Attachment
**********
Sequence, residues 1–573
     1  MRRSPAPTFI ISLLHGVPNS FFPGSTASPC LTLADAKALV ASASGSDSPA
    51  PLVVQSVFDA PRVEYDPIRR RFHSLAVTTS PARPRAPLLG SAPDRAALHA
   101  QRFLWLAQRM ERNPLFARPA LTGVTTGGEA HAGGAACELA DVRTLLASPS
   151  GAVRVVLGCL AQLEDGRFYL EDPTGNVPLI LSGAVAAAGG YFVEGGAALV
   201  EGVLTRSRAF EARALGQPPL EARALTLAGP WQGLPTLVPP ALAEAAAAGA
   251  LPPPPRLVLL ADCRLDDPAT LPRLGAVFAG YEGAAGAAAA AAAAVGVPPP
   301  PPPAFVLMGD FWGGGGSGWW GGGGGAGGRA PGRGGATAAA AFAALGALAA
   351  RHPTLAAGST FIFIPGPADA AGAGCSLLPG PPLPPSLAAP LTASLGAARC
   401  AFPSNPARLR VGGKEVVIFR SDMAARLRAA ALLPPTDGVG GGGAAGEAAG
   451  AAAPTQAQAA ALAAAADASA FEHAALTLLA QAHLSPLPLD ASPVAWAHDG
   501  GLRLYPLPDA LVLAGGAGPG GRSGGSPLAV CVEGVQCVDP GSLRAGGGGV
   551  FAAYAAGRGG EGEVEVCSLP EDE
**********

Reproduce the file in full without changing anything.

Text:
Sequence, residues 1–573
     1  MRRSPAPTFI ISLLHGVPNS FFPGSTASPC LTLADAKALV ASASGSDSPA
    51  PLVVQSVFDA PRVEYDPIRR RFHSLAVTTS PARPRAPLLG SAPDRAALHA
   101  QRFLWLAQRM ERNPLFARPA LTGVTTGGEA HAGGAACELA DVRTLLASPS
   151  GAVRVVLGCL AQLEDGRFYL EDPTGNVPLI LSGAVAAAGG YFVEGGAALV
   201  EGVLTRSRAF EARALGQPPL EARALTLAGP WQGLPTLVPP ALAEAAAAGA
   251  LPPPPRLVLL ADCRLDDPAT LPRLGAVFAG YEGAAGAAAA AAAAVGVPPP
   301  PPPAFVLMGD FWGGGGSGWW GGGGGAGGRA PGRGGATAAA AFAALGALAA
   351  RHPTLAAGST FIFIPGPADA AGAGCSLLPG PPLPPSLAAP LTASLGAARC
   401  AFPSNPARLR VGGKEVVIFR SDMAARLRAA ALLPPTDGVG GGGAAGEAAG
   451  AAAPTQAQAA ALAAAADASA FEHAALTLLA QAHLSPLPLD ASPVAWAHDG
   501  GLRLYPLPDA LVLAGGAGPG GRSGGSPLAV CVEGVQCVDP GSLRAGGGGV
   551  FAAYAAGRGG EGEVEVCSLP EDE